Background: Pulse pressure (PP) has been shown as a risk factor for mortality or cardiovascular events in several studies. However, the impact of PP on prognosis in a cohort of chronic hemodialysis patients has not been sufficiently studied. We examined the effect of PP on total mortality and cardiovascular events in chronic hemodialysis patients, and whether PP adds useful value to systolic blood pressure (SBP) or diastolic blood pressure (DBP) for predicting total mortality and cardiovascular events in chronic hemodialysis patients.
Methods: Chronic hemodialysis patients (N=1243, 720 men, 523 women) alive on January 1, 1991 at baseline were involved in this study. Cox regression, adjusted for age, sex, and other risk factors, was used to assess the relation between blood pressure components and risk of death and cardiovascular events over a nine-year follow-up.
Results: The association with the risk of total mortality was positive for PP (P=0.002) and SBP (P=0.04), but not significant for DBP (P=0.4), considering each pressure individually (single blood pressure component model, SPM); of the three measurements, PP yielded the highest chi2 value. When SBP and DBP were jointly entered into the Cox regression model (dual blood pressure component model, DPM), the association with the risk of total mortality was positive for SBP (HR, 1.083; 95% CI, 1.030 to 1.137) and negative for DBP (HR, 0.886; 0.808 to 0.970). After the addition of diabetes mellitus as an adjusted variable to the model, PP was not a significant predictor for total mortality; PP was a significant predictor for total mortality in non-diabetic patients, but not in diabetic patients. PP was positively associated with the risk of stroke, and stroke and AMI; however, predictive value of PP for each endpoint was not superior to SBP and DBP in SPM. In DPM with SBP and DBP, the association with the risk of stroke and acute myocardial infarction (AMI) was positive for SBP (P=0.02) but not significant for DBP (P=0.5). In DPM with SBP and PP, the association with the risk of stroke and AMI was positive for SBP (P=0.01) but not significant for PP (P=0.5).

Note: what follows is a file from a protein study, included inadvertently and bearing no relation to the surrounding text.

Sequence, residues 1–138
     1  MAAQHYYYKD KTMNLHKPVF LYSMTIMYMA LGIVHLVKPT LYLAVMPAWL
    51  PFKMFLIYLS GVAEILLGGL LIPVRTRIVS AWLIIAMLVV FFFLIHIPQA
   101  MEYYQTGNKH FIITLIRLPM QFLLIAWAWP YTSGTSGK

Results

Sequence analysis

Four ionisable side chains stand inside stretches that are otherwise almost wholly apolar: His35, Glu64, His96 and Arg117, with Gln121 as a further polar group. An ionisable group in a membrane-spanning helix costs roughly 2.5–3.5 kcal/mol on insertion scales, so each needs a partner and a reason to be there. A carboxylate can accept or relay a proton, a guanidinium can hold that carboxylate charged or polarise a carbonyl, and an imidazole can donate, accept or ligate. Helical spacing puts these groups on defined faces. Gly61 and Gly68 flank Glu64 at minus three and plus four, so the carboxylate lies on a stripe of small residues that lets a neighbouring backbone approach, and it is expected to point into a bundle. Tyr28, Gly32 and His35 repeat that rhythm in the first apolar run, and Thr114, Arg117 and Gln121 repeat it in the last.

Conclusions: In non-diabetic patients on chronic hemodialysis, PP was an independent predictor of total mortality. PP was more potent predictor of total mortality than SBP or DBP. For predicting cardiovascular events, SBP was superior to PP or DBP.